Dallin Maybee, chief operating officer of the nonprofit Southwestern Association for Indian Arts, which presents the annual Santa Fe Indian Market, is resigning after more than three years at the post.
Maybee, 43, an artist and lawyer of Seneca and Northern Arapaho heritage, said he will not seek to renew his contract after it expires Dec. 31.
A SWAIA board member before being named interim operations executive in May 2014, Maybee said he wants to live full time with his wife and young daughters, who live in Phoenix, and return to practicing law.
"I feel like we've made a lot of positive changes which will lay a more stable foundation for years to come," Maybee said.
Maybee took over the nonprofit at a turbulent time and leaves after a contentious period in which changes to the application process and elimination of a longstanding tenure policy rankled some longtime participants and former leaders of the storied 96-year-old art market. Each August, the market draws hundreds of Native American artisans and an estimated 100,000 visitors to downtown Santa Fe for the city's busiest tourism weekend.
"A promise made, a promise broken -- where have we heard that before? COO Dallin Maybee says tenure was never applied fairly -- oh, baloney!" wrote John Gonzales, a former SWAIA board chairman, in The New Mexican in late July.
"Tenured artists should not be insulted by asking to prove they belong in Indian Market," wrote Paul Rainbird, a former SWAIA executive.
The decision to abolish tenure, which had allowed many senior artists and some younger prize winners to bypass the qualifying jury process, touched off a debate about whether the market was seeking new blood at the expense of accomplished masters of Southwestern Native art, some of whom relied on Indian Market sales and had been attending the prestigious summertime Plaza event for decades.
And a newly digitized application process caused difficulties for some senior artists who either lacked computers or online savvy.
San Ildefonso potter Barbara "Tahn-moo-whe" Gonzales, great-granddaughter of legendary potter Maria Martinez, said the changes seemed to target many traditional Southwestern artists.
"The preservation and the continuity of traditional Indian arts of New Mexico is at the basic core of this organization," Gonzales wrote in The New Mexican after being placed on a waiting list to participate in the market. "Where is the respect of New Mexico Indian arts and its promotional, beneficial features for SWAIA?"
Maybee touted fundraising and donation hauls during his time at the helm and said the changes in direction had solidified the future of the lucrative and historic event. Past SWAIA leadership had punted on dealing with the tenure program because they feared backlash and lawsuits, Maybee said.
New market policies value "fundamental fairness above all," he said.
"Work needs to be juried on the strength of the work and not on the name of the legacy of the family," he said. "If we're going to respect our artists and our elders, we need to respect all of them, not 30 percent but every single one. I'm proud every single artist who applies to Indian Market now has a fair shot."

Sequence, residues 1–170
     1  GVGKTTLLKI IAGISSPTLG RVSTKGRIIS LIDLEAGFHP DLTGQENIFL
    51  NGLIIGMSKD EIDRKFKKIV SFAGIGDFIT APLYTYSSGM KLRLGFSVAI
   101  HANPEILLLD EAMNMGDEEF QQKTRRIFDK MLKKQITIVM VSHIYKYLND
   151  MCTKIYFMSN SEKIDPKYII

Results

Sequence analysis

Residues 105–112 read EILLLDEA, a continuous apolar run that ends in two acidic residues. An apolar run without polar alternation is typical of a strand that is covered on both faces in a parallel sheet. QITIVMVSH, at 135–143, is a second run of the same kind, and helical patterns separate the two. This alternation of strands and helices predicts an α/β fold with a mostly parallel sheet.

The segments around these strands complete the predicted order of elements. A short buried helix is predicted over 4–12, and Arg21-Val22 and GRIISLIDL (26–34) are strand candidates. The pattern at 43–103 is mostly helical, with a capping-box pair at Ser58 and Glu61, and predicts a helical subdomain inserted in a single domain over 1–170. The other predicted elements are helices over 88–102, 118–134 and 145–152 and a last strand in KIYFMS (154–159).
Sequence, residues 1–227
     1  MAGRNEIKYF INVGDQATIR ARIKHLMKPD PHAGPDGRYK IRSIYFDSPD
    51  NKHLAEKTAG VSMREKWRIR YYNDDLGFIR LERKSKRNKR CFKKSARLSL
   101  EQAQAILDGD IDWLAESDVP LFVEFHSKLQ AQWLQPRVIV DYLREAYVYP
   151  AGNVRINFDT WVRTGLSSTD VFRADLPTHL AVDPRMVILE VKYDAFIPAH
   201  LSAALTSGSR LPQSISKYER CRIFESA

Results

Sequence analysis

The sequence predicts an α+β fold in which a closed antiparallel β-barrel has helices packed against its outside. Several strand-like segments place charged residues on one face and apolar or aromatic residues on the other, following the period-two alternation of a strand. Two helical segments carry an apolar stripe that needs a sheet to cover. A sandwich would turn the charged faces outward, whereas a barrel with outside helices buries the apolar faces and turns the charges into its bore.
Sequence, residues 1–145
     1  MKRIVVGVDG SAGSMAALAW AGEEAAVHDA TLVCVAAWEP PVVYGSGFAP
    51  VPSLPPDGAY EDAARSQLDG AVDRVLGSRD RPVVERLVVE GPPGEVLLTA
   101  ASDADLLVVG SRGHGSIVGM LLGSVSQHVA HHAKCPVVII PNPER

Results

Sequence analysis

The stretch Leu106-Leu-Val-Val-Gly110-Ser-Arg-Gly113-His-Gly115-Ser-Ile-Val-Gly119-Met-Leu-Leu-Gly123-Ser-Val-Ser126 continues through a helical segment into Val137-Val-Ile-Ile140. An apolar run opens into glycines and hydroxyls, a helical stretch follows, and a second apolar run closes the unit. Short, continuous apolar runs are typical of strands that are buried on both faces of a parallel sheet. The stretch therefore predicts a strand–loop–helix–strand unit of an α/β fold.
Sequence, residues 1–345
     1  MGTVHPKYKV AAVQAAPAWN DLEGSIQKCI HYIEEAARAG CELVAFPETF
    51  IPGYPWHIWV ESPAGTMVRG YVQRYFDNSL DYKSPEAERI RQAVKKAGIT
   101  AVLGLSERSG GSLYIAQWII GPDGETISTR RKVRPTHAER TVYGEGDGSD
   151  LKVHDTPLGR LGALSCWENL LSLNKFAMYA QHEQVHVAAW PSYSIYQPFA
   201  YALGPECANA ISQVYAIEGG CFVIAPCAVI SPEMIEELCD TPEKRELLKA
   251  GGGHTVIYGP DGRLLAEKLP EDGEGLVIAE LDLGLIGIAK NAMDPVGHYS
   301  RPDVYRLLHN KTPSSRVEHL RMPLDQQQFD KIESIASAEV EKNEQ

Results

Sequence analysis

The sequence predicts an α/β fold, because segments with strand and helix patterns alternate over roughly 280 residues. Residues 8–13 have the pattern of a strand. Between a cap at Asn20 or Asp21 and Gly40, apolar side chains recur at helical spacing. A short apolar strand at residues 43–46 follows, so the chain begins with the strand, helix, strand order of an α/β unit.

Elizabeth Kirk, who chairs the SWAIA board, said Maybee is leaving the market "in a really good place."
"There are changes, but there are changes every year," said Kirk, a jeweler from Isleta Pueblo. "We just adapt."
Maybee took over SWAIA from John Torres Nez, who resigned in 2014 to begin a competing market, Indigenous Fine Art Market, with other SWAIA defectors. Not long after, Torres Nez was charged with embezzling money from a fundraiser intended to benefit Japanese tsunami victims; in April he struck a deal with prosecutors to pay more than $36,000 in restitution.
Dominique Toya, a potter from Jemez Pueblo who serves as vice chair of the SWAIA board, said Maybee had steadied the nonprofit after "a little bit of crisis."
"I think people had lost faith in SWAIA for a while because of the bureuacracy that was going on with the board," Toya said. "Now we're more transparent. Dallin helped make that happen. He wanted the artists to be included."
Elizabeth Pettus, board treasurer, echoed the sentiment, lauding Maybee's work with the market and nonprofit, saying he was able to make tough and potentially unpopular decisions while also serving as a "champion" for authenticity in Native art.
"He did an amazing job," Pettus said. "We have nothing but respect and gratitude for him."
Maybee said he would remain in Santa Fe likely through February to assist the next operations executive through the artist application and jurying processes.
"I don't know if I'll ever truly leave SWAIA," Maybee said. "I plan on participating as an artist in the near future. It just felt like a good time to get back to what I'd initially gone to school for."
"It should be a fairly smooth and fairly easy transition," Maybee said.
The 97th annual Santa Fe summer Indian Market is scheduled for Aug. 18 and 19.
Contact Tripp Stelnicki at 505-428-7626 or email@example.com.